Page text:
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Activists blame Sakupwanya for Masaya’s murder amid abductions



ON a hot Wednesday afternoon this week, silence engulfed Shashe Crescent in Mabvuku where mourners gathered to pay their last respects to cleric and pro-democracy activist Tapfumaneyi Masaya, who was killed in yet another case of suspected state-sponsored abduction, torture and murder.


 They must have been restless and anxious from waiting for an update from family members and area leadership that had gone to the Parirenyatwa Group of Hospitals for a post mortem to determine the actual cause of death.

Masaya was abducted in broad daylight during a door-to-door campaign on Saturday 11 November 2023, drumming up support for the opposition party’s MP candidate, Munyaradzi Febion Kufahakutizwi, who was expelled from Parliament in the first batch of recalls by a man posturing as the party’s secretary-general, Sengezo Tshabangu.

By-elections will be held on 9 December in the five constituencies whose MPs were recalls. The mutilated body of the cleric and pro-democracy activist, Masaya, was discovered two days later at the intersection of Arcturus and Lobo roads in Cleveland area and positively identified by his wife at the Parirenyatwa Group of Hospitals’ mortuary despite having been swollen.

 The body was found naked.

 A few hours after our arrival at the core house where Masaya and his family had lived till Saturday 11 November, some distraught but intoxicated opposition party supporters belted out songs that accused the Zanu PF candidate for Mabvuku-Tafara constituency and a close ally of the First Family, Pedzai “Scott” Sakupwanya, as the person behind the abduction and murder of Masaya.

“Scott ndiwe wakauraya hazvina mhosva pahukama. (Scott you are behind this murder, but it is okay),” they would break into song.

The song was sung repeatedly, while many people bemoaned the fact that a peace-loving pastor was killed just because someone desperately wants to enter Parliament.

“Amai nababa musandicheme kana ndafa neZanu, ndini ndakazvida kubvisa Zanu pamwechete nevamwe vangu (Mother and father, do not mourn me when Zanu PF kills me. It is I who chose to remove Zanu PF from power alongside my friends),” they sang.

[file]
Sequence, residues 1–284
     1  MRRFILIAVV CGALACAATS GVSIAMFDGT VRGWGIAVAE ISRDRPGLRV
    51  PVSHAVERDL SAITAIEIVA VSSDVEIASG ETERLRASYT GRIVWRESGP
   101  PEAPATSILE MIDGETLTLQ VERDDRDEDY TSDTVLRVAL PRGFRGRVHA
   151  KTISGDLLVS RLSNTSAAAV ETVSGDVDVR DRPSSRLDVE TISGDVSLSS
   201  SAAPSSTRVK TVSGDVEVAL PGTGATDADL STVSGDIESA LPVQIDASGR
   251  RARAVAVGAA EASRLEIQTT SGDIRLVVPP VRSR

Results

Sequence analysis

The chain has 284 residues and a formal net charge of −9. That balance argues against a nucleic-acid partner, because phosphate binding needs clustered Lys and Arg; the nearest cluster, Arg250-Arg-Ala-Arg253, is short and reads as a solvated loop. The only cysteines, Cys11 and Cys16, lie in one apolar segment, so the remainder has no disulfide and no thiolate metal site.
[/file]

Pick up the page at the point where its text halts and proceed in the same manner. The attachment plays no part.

In between the silence and the songs were screams and cries from relatives who would intermittently arrive at the Masaya residence.

Masaya leaves behind a wife, a son and two daughters. Although the murder was shocking, human rights and opposition activists say violence has been an operating manual for the ruling party and state security agents.

 Tonderai Dombo, a party member, who was part of the search party, said Mabvuku residents know Masaya’s assailants.

“We have since made it known to the police that those people were positively identified during the abduction of two of our members. Unfortunately, one of them didn’t make it back home to his family, that is why we are gathered here to mourn his death,” he said.

Mourners expressed frustration at the lack of action by the police.

“We know that ZRP Mabvuku has got all the names which we have made known to them; the people who were part of the entourage of vehicles that hijacked and abducted our comrades,” said one of the mourners.

“So the matter has been reported to the police and we are surprised that the police have not acted.” The deceased’s brother, Edwin Masaya, said they would ideally want to have the perpetrators brought to book by the authorities.

“From the pain induced by this murder, we would be hoping that the perpetrators would have bad things befall them or even have them caught by the police and arraigned before the courts,” he said.

“We have seen and heard that opposition activists’ disappearances and murders are barely a priority for the police, but we do not know who did this.”

 Amid the confusion surrounding the abduction and murder and all the emotions around the loss of a father, a husband and a church leader, presidential spokesperson George Charamba believes that the positively identified body is not that of Masaya.